If you’re thinking about upgrading your GPU, you probably want to know where your current one stacks up—that’s where our graphics card hierarchy comes in. Whether you’re planning on buying one of the best graphics cards, or simply want to get something newer and faster, our list makes it very clear what constitutes a major upgrade or a minor one. You'll also want to think about the rest of your system: what's the best CPU for gaming, what about AMD vs Intel CPUs, and do you have a sufficiently large SSD for gaming?
It’s harder than ever to know how cards fit into the history and evolution of the modern GPU. Nvidia now has three versions of its 20-series graphics cards—20XX, 20XX Super, and 20XX Ti—plus there are a whole range of low-mid range cards that don’t fit the naming convention like the 1650 and 1660. Meanwhile, AMD’s different card lines all have their own naming conventions. It’s easy to tell that a RX 590 is better than an RX 580, but how do those compare to a Vega 64? Or a Radeon VII!? There’s a roman numeral in there! How does that help anyone?
Our graphics card rankings are very clear and very simple. We start with the most powerful card on the market and work our way down the list of cards that are currently available new from retailers. The rankings are based on framerate tests on a series of popular games performed by our staff, as well as external market research. Also, it’s important to note that the ranking are based on stock first-party hardware from AMD and Nvidia. The specs may vary, depending on if you buy one of these or a variant made by GPU manufacturers like EVGA, MSI, or ASUS.
So there you have it—all the graphics cards you can buy right now, (roughly) ranked by performance. If you're interested in more detailed comparisons, check out our best graphics cards guide. We also have a frequently-updated list of cheap graphics cards deals.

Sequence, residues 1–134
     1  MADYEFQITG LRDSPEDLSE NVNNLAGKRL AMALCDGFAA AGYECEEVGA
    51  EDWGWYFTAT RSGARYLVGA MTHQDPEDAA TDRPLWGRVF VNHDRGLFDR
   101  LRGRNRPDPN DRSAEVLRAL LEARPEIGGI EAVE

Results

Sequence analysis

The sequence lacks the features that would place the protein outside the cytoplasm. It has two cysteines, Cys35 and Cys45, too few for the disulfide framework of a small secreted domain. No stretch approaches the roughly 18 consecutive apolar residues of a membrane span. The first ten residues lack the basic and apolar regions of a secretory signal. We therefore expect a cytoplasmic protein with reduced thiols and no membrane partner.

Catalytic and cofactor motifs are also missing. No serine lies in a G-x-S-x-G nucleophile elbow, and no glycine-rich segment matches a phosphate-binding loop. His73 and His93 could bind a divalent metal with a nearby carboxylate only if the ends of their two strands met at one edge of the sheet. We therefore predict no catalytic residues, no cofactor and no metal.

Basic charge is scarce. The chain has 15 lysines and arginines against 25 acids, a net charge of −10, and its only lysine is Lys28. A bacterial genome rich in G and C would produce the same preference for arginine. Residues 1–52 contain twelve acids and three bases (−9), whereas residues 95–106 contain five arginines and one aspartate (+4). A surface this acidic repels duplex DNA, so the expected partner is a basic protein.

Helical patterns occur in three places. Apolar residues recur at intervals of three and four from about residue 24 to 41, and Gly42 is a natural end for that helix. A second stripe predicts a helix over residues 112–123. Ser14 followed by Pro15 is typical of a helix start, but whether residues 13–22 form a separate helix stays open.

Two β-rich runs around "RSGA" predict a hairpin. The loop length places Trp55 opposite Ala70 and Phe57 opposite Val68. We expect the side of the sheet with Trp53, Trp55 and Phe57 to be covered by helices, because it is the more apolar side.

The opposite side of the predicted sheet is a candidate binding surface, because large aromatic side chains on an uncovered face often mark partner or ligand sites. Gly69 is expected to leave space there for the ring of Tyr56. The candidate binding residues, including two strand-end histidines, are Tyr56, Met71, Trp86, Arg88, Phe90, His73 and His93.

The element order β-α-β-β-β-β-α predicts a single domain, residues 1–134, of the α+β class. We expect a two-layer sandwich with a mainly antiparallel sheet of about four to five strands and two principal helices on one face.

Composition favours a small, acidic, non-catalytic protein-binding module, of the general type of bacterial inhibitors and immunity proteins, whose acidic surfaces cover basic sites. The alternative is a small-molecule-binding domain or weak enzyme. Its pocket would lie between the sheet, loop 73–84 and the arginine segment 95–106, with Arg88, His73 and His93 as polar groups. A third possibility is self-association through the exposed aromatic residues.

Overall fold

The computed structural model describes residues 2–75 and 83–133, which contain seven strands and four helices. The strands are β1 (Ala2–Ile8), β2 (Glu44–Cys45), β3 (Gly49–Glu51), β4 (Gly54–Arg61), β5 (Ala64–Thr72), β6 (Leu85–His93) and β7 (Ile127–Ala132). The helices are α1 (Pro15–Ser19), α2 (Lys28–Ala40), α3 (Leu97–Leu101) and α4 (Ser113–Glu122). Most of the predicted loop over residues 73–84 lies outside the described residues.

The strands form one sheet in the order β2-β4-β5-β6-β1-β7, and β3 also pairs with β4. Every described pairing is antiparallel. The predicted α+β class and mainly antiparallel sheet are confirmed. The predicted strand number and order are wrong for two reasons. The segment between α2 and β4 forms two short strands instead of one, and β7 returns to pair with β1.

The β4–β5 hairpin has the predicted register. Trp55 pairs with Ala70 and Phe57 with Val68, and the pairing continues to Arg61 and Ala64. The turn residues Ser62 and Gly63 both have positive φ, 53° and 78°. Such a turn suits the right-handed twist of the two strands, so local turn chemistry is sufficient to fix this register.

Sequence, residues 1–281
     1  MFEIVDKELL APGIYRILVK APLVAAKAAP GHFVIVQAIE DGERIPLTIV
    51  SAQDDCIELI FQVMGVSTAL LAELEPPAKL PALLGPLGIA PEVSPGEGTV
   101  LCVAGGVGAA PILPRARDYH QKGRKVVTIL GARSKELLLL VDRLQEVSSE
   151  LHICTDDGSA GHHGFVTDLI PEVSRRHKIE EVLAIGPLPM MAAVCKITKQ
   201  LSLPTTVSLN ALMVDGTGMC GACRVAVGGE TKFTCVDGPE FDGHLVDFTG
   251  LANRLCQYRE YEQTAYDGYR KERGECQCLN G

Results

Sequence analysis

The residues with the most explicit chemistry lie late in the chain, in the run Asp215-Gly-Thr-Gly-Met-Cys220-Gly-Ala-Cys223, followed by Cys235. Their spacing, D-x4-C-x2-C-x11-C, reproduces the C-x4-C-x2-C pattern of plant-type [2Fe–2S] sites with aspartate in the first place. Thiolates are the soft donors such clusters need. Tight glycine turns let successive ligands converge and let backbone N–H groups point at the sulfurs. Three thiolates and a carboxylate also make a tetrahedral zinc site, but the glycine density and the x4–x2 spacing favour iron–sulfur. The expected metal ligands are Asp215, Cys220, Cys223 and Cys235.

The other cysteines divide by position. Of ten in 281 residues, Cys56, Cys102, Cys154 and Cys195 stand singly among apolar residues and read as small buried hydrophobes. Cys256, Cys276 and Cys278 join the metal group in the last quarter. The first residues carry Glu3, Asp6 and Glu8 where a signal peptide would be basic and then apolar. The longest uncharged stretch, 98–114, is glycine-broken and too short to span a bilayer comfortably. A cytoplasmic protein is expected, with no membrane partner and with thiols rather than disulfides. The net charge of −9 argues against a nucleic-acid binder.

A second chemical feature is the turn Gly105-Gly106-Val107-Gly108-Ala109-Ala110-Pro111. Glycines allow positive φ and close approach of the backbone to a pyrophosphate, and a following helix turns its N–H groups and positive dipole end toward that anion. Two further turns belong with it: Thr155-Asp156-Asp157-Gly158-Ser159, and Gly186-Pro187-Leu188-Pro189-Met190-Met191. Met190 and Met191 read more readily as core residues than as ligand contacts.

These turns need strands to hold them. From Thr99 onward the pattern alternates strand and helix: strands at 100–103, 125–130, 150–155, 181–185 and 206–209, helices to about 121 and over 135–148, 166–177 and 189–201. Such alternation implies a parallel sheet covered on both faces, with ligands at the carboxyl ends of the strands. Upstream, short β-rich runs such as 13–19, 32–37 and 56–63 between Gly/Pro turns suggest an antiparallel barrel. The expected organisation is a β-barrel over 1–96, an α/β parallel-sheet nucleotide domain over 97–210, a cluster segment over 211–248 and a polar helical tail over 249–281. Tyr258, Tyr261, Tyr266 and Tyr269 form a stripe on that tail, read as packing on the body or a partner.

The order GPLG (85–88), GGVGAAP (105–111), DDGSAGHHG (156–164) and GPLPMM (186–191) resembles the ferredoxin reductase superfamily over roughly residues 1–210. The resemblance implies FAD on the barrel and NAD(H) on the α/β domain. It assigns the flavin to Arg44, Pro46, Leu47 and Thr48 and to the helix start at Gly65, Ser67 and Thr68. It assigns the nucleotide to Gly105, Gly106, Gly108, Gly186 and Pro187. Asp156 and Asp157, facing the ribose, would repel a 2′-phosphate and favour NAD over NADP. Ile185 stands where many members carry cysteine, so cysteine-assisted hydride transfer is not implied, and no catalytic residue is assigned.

If you have an older GPU and want to know where it sits in the list, here's the quick rundown of Nvidia's 10-series cards. The GTX 1080 Ti ranks just below the 2080, but ahead of the Radeon VII. The GTX 1080 comes in just ahead of the RX Vega 64, with the GTX 1070 Ti effectively tied with the Vega 64 (just a hair slower). The GTX 1070 meanwhile comes in about 5-8 percent below the RX Vega 56, a few percent ahead of the GTX 1660 Ti.
Going back another generation to Nvidia's 900-series and AMD's R9 series, things get a bit messier. The GTX 980 Ti is about 10 percent below the GTX 1070, and the R9 Fury X is about 5-10 percent slower than the 980 Ti. The R9 Fury and R9 Nano drop another 10-15 percent relative to the Fury X, with the Nano being very close to the GTX 980 in performance. The 980 also roughly matches the GTX 1060 6GB, along with the R9 390X. The R9 390 is a bit slower (5-10 percent), but thanks to its 8GB VRAM, it's 10-15 percent faster than the GTX 970. The even older R9 290X is basically a tie with the R9 390, with the R9 290 dropping 10 percent (basically tying the GTX 970). Finally, the R9 380 and 380X typically beat the GTX 1050 Ti, while Nvidia GTX 960 and 950 offer nearly the same performance as the GTX 1050 Ti and 1050, respectively. Anything below these cards is ripe for an upgrade.